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Posts Tagged ‘how to’

Earn $1 A Word And Up At This Health-Conscious Pub

EatingWell

EatingWell‘s editorial mission is to “deliver the information and inspiration people need to make healthy eating a way of life.” This popular pub features plenty of healthy recipes, science news and food writing that’s bound to get you hungry.

Nutrition pieces are always in demand, as are travel stories (as long as they have a clear health tie-in). New writers who manage to break into the book often establish fruitful relationships with the editors there:

The best place to break in is the front-of-book “FRESH” department, which focuses on trends in health, sustainability, foods and farming, with stories about people who are revolutionizing how we enjoy food. The editors would like to see more pitches for investigative pieces on nutrition, as well as stronger, science-based queries on food and sustainability. Rather than merely outline the latest study, writers should be able to make the data relevant through storytelling.

For editors contact info and more on what they’re looking for, read: How To Pitch: EatingWell.

– Aneya Fernando

The full version of this article is exclusively available to Mediabistro AvantGuild subscribers. If you’re not a member yet, register now for as little as $55 a year for access to hundreds of articles like this one, discounts on Mediabistro seminars and workshops, and all sorts of other bonuses.

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Freelancing 101

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Freelancers: When Should You Leave A Client?

LifeAsAFreelancer

Becoming a freelancer after working full time at a more traditional job can be a daunting transition. You are suddenly forced to be your own boss, create your own schedule and hunt for clients yourself.

Although there are plenty of benefits to becoming a freelancer, one of the major downfalls is the lack of financial stability. And nowadays, there seems to be a constant battle between what you should be paid and what you’re actually getting:

The “I can get it cheaper mindset” seems more prevalent since the Internet boom. Clients see numerous listings for blog posts at “5 cents a word” or “$6 a page” or “$10 an hour.” So often they don’t realize how unrealistic these rates are once issues like research, interviews, deadlines — plus overall skill — are factored in. Graphic designer Lucy A. Clark feels you have to hold your ground. “Unless you can educate [potential clients] about what’s really involved, walk away,” she said.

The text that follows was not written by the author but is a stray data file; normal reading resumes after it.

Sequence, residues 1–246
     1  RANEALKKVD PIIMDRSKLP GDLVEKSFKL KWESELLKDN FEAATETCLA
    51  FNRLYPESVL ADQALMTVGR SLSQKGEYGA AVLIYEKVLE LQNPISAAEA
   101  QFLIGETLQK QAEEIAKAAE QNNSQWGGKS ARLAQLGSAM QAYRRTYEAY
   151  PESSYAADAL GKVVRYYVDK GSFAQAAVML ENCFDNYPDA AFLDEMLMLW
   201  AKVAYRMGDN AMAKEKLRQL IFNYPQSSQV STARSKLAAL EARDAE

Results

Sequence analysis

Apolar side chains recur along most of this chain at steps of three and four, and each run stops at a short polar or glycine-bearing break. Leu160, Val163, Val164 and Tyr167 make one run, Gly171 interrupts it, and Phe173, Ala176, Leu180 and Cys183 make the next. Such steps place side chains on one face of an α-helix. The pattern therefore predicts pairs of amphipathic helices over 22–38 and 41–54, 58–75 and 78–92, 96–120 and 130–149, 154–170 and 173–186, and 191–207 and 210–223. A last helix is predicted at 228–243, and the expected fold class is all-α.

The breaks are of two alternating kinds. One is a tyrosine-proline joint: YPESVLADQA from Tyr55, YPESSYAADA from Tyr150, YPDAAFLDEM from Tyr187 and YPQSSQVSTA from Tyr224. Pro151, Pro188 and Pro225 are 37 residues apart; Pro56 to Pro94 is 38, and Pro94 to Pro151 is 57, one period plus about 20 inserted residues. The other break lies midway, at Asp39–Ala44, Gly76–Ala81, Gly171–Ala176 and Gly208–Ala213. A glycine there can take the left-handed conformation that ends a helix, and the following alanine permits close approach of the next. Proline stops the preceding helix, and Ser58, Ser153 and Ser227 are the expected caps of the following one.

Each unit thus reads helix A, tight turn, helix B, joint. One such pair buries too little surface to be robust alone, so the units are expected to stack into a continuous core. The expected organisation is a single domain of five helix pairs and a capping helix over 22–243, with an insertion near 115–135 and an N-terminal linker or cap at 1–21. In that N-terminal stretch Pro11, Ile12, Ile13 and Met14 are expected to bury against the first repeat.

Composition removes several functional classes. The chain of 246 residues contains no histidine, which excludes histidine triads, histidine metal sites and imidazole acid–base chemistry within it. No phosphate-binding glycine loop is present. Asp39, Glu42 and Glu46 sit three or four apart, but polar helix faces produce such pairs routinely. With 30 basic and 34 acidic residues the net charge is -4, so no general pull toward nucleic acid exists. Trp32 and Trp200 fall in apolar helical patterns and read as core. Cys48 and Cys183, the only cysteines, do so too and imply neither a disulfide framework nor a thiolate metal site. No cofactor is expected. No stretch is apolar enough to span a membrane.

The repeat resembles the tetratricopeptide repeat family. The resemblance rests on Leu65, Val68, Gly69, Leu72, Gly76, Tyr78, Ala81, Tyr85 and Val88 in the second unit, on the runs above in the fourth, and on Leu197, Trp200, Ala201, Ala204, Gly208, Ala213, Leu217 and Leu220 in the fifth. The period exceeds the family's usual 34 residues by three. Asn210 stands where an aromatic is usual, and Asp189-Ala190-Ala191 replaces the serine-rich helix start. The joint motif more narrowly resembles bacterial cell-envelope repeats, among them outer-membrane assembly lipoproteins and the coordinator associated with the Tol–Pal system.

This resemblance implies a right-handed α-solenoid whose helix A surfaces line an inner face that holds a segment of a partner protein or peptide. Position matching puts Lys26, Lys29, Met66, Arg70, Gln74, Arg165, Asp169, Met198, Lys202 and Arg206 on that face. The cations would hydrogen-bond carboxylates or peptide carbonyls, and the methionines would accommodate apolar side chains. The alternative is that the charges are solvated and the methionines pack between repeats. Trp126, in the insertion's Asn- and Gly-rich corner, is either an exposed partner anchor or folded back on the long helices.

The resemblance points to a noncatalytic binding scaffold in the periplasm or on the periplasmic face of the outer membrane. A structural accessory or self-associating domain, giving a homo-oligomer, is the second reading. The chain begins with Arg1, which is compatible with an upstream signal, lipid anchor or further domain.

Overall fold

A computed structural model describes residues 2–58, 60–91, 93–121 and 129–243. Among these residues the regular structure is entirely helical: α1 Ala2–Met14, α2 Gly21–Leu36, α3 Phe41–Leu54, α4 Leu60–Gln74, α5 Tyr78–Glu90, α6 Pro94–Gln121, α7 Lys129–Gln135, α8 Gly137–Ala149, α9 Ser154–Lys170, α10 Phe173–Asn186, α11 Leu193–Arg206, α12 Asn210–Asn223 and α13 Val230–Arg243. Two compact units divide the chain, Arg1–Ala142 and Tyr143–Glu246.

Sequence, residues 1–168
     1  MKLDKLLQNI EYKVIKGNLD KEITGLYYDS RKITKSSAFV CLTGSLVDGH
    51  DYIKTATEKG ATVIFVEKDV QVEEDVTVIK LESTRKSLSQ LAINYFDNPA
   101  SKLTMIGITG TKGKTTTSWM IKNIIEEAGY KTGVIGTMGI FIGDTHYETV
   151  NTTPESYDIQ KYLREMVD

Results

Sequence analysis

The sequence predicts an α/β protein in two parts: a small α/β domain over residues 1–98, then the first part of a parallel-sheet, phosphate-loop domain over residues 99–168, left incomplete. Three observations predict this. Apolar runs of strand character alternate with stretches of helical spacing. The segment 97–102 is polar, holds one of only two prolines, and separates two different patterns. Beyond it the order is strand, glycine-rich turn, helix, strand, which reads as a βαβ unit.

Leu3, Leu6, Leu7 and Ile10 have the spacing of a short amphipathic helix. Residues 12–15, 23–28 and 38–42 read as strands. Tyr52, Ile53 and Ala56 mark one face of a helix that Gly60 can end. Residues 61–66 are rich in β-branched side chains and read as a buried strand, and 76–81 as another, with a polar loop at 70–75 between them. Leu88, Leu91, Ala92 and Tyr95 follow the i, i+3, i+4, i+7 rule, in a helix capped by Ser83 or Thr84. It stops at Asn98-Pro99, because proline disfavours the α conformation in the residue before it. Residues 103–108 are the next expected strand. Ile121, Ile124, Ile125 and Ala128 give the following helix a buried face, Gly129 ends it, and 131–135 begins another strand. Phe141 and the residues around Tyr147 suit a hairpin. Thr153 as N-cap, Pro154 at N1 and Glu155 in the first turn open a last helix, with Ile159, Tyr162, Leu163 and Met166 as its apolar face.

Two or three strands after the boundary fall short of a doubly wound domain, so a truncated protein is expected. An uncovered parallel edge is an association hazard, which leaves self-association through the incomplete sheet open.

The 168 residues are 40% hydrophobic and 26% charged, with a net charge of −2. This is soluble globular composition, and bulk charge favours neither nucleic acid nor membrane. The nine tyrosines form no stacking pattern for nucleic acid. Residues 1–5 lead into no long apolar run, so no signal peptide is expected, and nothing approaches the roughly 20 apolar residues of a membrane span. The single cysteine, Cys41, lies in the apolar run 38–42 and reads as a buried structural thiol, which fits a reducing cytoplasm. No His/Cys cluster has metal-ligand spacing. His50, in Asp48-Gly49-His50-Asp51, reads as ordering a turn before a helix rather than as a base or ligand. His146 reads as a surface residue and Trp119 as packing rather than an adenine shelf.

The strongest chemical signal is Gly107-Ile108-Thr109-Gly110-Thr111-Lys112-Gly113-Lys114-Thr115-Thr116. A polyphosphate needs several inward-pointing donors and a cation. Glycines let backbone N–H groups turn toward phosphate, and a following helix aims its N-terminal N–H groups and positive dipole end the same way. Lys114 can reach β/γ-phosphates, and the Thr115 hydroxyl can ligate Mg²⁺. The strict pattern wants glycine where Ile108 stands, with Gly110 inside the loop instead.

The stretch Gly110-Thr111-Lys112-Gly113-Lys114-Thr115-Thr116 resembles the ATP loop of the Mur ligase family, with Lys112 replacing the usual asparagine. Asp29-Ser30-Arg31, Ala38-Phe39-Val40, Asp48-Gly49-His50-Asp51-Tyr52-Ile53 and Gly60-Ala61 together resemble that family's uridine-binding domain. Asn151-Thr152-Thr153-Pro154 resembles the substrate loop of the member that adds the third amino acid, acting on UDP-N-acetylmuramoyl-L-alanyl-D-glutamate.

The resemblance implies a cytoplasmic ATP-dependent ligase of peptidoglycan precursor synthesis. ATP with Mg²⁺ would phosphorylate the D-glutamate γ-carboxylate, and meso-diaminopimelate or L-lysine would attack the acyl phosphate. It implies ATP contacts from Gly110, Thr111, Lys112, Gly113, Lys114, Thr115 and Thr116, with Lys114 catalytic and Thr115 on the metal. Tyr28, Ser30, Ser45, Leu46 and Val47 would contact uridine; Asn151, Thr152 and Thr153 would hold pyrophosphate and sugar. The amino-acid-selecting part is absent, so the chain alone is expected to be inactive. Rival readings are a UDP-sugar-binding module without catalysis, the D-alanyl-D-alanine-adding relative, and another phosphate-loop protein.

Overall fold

To get more tips on freelancing, read: Pros and Cons of Life as a Freelancer.

– Aneya Fernando

The full version of this article is exclusively available to Mediabistro AvantGuild subscribers. If you’re not a member yet, register now for as little as $55 a year for access to hundreds of articles like this one, discounts on Mediabistro seminars and workshops, and all sorts of other bonuses.

Your Guide to Publishing Personal Essays

CraftPersonalEssays

Personal essay writing is all the rage right now. Every major publication online seems to have a “Life” or “Relationships” section. Some sites are entirely dedicated to narrative, first person stories (I’m looking at you, xoJane.com).

Writing about your own experiences can be a valuable exercise in turning observations into something meaningful. But everyone knows that sharing anything personal (let alone controversial) on the Internet can result in some ugly feedback:

If you publish your essay online, especially in a vociferous blogging community, be prepared for anything. I have been called irresponsible, a bully, mean-spirited, lazy and more. I have also been praised for my candor, my writing style and my sense of humor. Any time you publish your work, you open yourself up to criticism, but with the personal essay, criticism can cut deeper because it’s in response to your personal life. Learning how to cope with negative feedback is a constant practice, says Carinn Jade, blogger at Welcome To Motherhood. “I think 97 percent of my comments have been negative. If I’ve written a piece that’s a real trigger for me, I’ll really try not to read the comments.”